Letter 13 from Diana Athill to Waguih Ghali on December 9, 1963
Diana is concerned that Ghali is too dependant on his despair like she was on her pain, and warns him that suffering alone will not suffice as a long-term solution. Where she once wallowed in her own loneliness, she has reached a point past that. A point, where she feels the little things in her life are fleeting as she approaches closer to death, and wishes she had more time to appreciate them. This reminds Diana of a girl who stayed with her, Marion, who could not cope with the loneliness after the end of a relationship. Diana goes on to update Ghali on the lodgers in her home and neighbors. These include, Barbara who is having a tough time during her pregnancy. Her lodger is cooking for her boyfriend tonight, and Diana commends this believing that cooking is more a social exercise than anything else, most enjoyable when done for someone else. Diana assures Ghali that few, if any of her family members will talk to her about her new book, and they will make sure she does not see her uncle who strongly opposes the book. She plans to stay some time with her brother who lives in a small, shanty cottage with his wife and four sons who are havoc-wreaking children. All in all it will be an exhausting Christmas that she would rather spend by herself than with her chaotic family. Diana speaks of an anonymous fan letter she received from someone using the pseudonym, Pan. He sends her numerous poems and she believes she has figured out his identity. Her brother warned her that his old officer friend. Michael was planning on sending Diana some writing soon. Michael had lived in Diana's apartment with her and Barbara and he had various peculiar characteristics. He had regimented schedules of sleeping and waking up, and he was basically an alcoholic. When drunk he would first find it necessary to go to a monastery, and after drinking more he would get lustful and attempt to enter Diana and Barbara's rooms at night (to which he had to be turned away, but not reprimanded the next day). He eventually became a spy for the British Secret Service (as Diana found out when he got drunk one day) in Persia. The poems he sent her were often about nature and Diana could never understand what made him so odd. She adds that there is a job opening where she works in the accounts department and decided to try and see if her office could get a permit for Ghali to come work there. Diana writes an additional page to her original letter explaining that her theory that Pan was Michael has been proven wrong. Pan has been calling her house in the mornings and she has begun to detest him because she thinks he is the kind of person who is delusional about his own sensitivity and spirit because of his loneliness. However, she prevents herself from being rude because she simultaneously feels sorry for people like Pan who are so lonely that they can fall in love with a book. She also mentions Ghali's previous explanation of his views on marriage. She notes that his views prove wrong the misconceptions that people have about Oriental people's views on marriage. He proves that their views are not limited, but drastically varied. However, she also believes that Barbara and Anthony's decision to live together, but lead separate lives was not their initial intent with marriage as Ghlai believes. Diana sees it as a response to a marriage going wrong and an attempt to salvage the marriage as a label because they are so dedicated to the concept of 'sharing,' even if they want to live separate lives. She ends with a note saying letters are not sufficient, for she had numerous other replies she wanted to include to his last letter, but this letter already went on too long. Also, she adds that she wants to see all the writings he has been working on more than she wants another letter from him.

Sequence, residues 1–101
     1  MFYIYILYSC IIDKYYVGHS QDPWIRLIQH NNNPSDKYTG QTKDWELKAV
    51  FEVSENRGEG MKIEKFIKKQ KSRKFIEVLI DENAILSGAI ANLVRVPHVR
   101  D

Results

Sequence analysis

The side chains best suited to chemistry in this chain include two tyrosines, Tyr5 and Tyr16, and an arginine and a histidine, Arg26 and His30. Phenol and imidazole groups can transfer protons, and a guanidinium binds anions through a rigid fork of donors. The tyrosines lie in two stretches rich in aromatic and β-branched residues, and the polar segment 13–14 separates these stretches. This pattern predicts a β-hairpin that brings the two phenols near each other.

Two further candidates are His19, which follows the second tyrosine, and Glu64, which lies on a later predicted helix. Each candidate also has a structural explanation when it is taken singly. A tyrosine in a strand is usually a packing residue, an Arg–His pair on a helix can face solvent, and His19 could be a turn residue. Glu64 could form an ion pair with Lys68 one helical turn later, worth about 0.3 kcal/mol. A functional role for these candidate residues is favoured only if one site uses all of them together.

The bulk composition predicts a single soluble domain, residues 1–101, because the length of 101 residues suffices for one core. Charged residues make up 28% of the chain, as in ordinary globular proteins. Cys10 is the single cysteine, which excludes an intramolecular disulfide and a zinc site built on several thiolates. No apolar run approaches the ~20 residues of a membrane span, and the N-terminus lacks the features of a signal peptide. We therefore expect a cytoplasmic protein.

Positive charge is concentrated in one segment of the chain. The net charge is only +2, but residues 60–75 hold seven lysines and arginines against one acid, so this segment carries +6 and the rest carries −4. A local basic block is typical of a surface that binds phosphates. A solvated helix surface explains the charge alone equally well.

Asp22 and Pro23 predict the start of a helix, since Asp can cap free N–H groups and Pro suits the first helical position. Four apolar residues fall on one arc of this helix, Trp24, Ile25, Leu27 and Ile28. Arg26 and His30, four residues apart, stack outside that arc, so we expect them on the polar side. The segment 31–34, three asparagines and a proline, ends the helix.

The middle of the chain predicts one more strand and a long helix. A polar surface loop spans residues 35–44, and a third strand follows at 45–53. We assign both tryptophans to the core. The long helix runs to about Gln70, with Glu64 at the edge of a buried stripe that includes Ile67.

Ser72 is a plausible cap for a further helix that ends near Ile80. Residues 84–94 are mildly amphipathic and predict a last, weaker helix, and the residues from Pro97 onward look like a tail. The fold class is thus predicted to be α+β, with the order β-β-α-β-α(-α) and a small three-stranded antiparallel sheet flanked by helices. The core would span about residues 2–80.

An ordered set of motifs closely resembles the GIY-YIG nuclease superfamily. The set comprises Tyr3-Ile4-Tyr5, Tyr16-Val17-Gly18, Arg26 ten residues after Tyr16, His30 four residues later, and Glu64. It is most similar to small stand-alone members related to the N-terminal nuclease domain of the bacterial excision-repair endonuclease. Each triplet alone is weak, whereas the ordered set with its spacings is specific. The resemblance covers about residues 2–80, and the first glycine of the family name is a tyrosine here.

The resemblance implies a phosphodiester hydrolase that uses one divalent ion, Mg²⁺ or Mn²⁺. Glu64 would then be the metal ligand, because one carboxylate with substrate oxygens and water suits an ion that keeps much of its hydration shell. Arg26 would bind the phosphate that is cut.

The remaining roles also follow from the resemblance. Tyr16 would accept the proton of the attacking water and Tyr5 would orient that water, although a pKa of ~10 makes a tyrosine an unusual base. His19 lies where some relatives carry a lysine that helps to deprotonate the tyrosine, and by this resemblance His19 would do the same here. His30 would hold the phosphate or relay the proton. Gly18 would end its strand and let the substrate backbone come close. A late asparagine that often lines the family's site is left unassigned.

Letter, 5 pagesPersonal names mentioned in the letter: Marion; Anthony; Barbara; Clive; Andrew Athill (Diana's brother); Mary Athill (Diana's sister-in-law); Michae; Pan; Kelly; Samir; Anthony